Kansas Board of Regents allows extension for controversial policy on tenure; KU now has until July to submit framework
photo by: Screenshot // Kansas Board of Regents
The Kansas Board of Regents voted Wednesday to extend the deadline for its controversial policy that could temporarily eliminate faculty tenure protection at universities.
The University of Kansas requested that the Board of Regents grant KU until July 1 to decide whether it would submit a framework under which it could pursue the policy. Previously, universities had to decide by March 6 whether they would submit such a framework.
The temporary policy, which is set to expire Dec. 31, 2022, would give universities more power to suspend, dismiss or terminate employees — including tenured faculty — in light of the financial crisis many universities face because of the coronavirus pandemic.
KU is the only Regents university that has said it would consider the policy. Kansas State University, Emporia State University, Fort Hays State University, Pittsburg State University and Wichita State University have all issued statements saying they will not consider the policy.
The Regents voted unanimously on Wednesday to amend the policy to extend the deadline to submit a framework to July 1.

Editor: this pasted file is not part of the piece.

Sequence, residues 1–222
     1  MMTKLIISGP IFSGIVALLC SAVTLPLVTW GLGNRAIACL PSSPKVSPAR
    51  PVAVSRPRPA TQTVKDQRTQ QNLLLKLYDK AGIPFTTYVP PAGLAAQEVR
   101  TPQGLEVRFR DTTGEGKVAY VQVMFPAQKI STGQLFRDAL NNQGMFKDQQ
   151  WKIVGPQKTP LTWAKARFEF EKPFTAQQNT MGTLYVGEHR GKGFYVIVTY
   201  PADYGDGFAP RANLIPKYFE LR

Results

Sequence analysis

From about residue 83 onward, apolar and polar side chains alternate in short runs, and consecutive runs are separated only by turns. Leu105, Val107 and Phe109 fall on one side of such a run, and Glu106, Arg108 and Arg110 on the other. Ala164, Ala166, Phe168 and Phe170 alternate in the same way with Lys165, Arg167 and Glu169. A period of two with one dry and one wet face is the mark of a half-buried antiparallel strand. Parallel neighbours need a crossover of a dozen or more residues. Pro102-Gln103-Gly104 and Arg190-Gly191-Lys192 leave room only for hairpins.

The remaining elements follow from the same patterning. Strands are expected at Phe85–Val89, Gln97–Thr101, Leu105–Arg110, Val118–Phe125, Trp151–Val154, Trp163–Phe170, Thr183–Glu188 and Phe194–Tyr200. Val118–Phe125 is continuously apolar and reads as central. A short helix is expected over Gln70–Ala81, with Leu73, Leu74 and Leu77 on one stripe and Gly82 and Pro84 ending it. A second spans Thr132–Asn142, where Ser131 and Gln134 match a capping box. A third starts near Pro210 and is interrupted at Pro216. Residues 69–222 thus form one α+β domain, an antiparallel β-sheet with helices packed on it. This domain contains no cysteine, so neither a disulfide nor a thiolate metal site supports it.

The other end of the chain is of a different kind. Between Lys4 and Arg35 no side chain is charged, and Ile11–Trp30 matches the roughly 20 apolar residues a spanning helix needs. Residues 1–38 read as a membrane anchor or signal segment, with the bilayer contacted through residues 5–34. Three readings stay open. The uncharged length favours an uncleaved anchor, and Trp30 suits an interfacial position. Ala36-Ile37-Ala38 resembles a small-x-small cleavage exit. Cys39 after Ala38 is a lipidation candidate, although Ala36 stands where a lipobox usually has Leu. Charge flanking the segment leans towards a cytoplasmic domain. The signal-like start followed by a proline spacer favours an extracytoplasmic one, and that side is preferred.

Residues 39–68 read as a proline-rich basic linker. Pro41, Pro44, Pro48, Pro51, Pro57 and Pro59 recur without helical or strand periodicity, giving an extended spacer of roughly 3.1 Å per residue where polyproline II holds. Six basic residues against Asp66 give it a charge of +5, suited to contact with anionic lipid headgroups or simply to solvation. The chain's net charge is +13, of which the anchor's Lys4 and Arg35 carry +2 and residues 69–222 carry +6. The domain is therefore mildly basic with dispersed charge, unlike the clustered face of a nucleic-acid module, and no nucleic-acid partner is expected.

“The chancellor has indicated to me that the additional time will enable KU to continue to pursue other avenues for addressing their financial challenges before determining whether use of this policy will be necessary,” Regents President and CEO Blake Flanders said. “And because our policy was amended during our meeting and the timeline is now, the end date is now Dec. 31, 2022, I believe it does make sense to push this initial timeline out another four months. And I would encourage allowing this for any university to use the policy.”
Flanders’ statement about the board amending its policy was a reference to the Regents deciding to extend the end date of the temporary policy from Dec. 31, 2021, to Dec. 31, 2022.
In early February, KU’s provost, Barbara Bichelmeyer, wrote in a campus message that while the policy would allow KU to reduce its workforce, “it also puts at risk the processes of tenure that protect those whose research and teaching are core to our mission.” In her message, Bichelmeyer wrote that KU needs more time to exhaust other options before using the policy.
Aleks Sternfeld-Dunn, who gave a report from the Council of Faculty Senate Presidents, shared that the concern of faculty is that the policy threatens tenure, which in turn threatens academic freedom. He also said the faculty senate presidents are concerned about the lack of shared governance involvement in the creation of the policy.
Bichelmeyer was asked to address Sternfeld-Dunn’s concerns, and she indicated that KU will be sharing more information about those concerns in the coming days. Bichelmeyer did say the university has been working with deans regarding the budget and academic programming, and that one of the issues faculty has been involved in is academic workload policy.